Wednesday, January 26, 2022

Fertilizer Prices And What To Do

elevated sprayer
A high-clearance rig applies nitrogen fertilizer next to the plant using “Y drops.” Photo by Tyler Jones, University of Florida

The fire-starter for 2022 crop input discussions is fertilizer prices. Without getting into the why of current volatility, first recall this situation is not entirely unique. Potash at the farmgate was about 14 cents per pound for years, if not decades.

Then a confluence of factors in 2007-08 led to a dramatic shift: increased domestic demand due to higher grain prices; increased demand by India, China and Brazil; events in the crude oil and natural gas markets; and the decreased value of the dollar in international trade. Potash prices more than quadrupled. This was breaking new ground.

What To Do For P And K

This is a moment for patience as the storm swirls, so refrain from tearing garments and donning sackcloth. Large-scale components, some anticipated, others not, interacted over the past two months to develop the current situation, and a lot more interactions are anticipated over the winter months.

Many variables determine the ultimate success of a crop: variety selection, water management, insects, nematodes, diseases, weed pressure and climate to name a few. Soil fertility or nutrient management addresses five fundamental questions: Do you really need the fertilizer? If you do, how much do you really have to apply? What fertilizers are available? When is the best time to apply? How should it be applied?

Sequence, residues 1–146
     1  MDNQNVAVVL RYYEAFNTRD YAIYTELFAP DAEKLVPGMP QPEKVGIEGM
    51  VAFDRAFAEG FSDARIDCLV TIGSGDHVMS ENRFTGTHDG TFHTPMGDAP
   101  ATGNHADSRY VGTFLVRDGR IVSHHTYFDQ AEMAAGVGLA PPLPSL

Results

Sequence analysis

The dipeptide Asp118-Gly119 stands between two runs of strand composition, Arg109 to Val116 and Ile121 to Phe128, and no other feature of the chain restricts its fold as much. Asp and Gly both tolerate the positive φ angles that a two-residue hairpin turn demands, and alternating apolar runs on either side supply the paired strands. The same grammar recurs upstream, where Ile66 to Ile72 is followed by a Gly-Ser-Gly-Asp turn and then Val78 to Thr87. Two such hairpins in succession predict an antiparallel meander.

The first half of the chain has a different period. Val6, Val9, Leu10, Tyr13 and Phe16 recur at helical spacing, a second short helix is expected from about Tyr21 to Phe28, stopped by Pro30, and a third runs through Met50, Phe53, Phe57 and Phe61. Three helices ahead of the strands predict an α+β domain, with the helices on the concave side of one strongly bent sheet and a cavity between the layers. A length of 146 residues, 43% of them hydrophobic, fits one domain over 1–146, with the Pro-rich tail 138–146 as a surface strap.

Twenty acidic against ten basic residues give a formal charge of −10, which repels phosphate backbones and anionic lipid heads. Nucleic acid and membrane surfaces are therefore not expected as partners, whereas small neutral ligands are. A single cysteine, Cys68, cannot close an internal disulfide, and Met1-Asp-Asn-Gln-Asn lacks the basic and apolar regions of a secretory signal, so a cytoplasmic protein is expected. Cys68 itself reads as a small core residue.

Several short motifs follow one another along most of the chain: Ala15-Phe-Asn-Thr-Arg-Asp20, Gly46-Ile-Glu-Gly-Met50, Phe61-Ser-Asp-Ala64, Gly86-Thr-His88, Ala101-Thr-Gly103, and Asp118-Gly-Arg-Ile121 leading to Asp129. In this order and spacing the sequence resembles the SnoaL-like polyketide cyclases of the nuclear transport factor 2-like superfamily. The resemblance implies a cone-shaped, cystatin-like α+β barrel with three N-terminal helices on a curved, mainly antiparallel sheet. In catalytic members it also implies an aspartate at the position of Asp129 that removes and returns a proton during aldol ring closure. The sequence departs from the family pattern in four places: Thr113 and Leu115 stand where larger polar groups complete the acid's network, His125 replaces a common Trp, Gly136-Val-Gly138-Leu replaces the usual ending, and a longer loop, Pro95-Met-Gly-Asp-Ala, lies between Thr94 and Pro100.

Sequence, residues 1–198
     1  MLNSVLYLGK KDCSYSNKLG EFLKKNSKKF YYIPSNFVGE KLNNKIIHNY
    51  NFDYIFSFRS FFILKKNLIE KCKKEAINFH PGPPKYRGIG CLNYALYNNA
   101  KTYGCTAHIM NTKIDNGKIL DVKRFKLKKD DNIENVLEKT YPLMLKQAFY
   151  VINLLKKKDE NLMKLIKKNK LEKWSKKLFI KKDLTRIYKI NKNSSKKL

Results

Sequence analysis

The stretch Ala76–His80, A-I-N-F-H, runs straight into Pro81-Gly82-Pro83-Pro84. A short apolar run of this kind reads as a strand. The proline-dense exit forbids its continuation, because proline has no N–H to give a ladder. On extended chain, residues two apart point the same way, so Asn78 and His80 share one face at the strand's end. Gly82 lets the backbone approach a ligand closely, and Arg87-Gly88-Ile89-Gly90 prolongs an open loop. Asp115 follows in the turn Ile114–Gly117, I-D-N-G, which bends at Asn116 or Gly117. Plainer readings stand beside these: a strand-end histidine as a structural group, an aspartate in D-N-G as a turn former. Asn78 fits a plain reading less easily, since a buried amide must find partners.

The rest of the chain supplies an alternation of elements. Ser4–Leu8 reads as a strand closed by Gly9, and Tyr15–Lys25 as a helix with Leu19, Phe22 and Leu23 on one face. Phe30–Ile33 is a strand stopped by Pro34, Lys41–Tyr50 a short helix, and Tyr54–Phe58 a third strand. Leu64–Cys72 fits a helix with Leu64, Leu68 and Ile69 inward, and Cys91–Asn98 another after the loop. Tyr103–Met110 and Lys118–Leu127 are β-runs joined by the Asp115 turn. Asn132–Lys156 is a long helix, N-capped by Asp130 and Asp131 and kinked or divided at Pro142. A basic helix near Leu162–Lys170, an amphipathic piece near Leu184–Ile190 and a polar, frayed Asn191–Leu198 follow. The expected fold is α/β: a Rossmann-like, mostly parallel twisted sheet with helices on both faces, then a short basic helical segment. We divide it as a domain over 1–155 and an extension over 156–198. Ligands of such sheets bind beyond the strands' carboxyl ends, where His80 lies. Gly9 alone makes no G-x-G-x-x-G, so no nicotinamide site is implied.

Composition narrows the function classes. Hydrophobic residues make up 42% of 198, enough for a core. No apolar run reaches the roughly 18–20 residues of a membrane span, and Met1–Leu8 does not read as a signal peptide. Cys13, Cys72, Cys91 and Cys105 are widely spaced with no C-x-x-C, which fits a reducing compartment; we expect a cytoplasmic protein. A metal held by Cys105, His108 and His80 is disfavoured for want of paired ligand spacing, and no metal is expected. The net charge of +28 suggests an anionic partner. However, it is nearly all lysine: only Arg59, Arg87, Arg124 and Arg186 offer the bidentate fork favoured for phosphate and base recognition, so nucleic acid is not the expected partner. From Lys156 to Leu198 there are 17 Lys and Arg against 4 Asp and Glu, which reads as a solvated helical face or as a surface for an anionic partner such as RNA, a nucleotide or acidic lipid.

An Inexpensive Step

Soil testing answers questions one and two. Most growers and consultants test fields on two- to three-year cycles. But in this situation, consider the relatively inexpensive step of annual soil testing to more closely monitor nutrient levels.

Test-based recommendations should indicate whether the soil can provide sufficient nutrition without fertilization. Mississippi State University uses five indices to report capacity: very low, low, medium, high and very high.

Very high P or K levels mean there is a small chance of plant response to fertilizer. Conversely, soils that test very low are more likely to respond if fertilized. Soils rated medium may or may not respond to fertilization, and P and K fertilizer recommendations in the MSU system in this category are “maintenance” levels.

The amount of nutrients a crop uses (total uptake) and how much is removed by harvest do not differentiate between soil-supplied nutrients versus fertilizer-supplied. Mississippi Delta soils are among the most fertile on the planet and not respecting the capacity to replenish plant available P and K can lead to inefficiency and unneeded expense if application rates are based solely on removal.

Answering questions three, four and five depends on how large-scale business factors sort out over the next six months. On the farm, which crops are planted in the spring of 2022 will influence nutrient management implementation.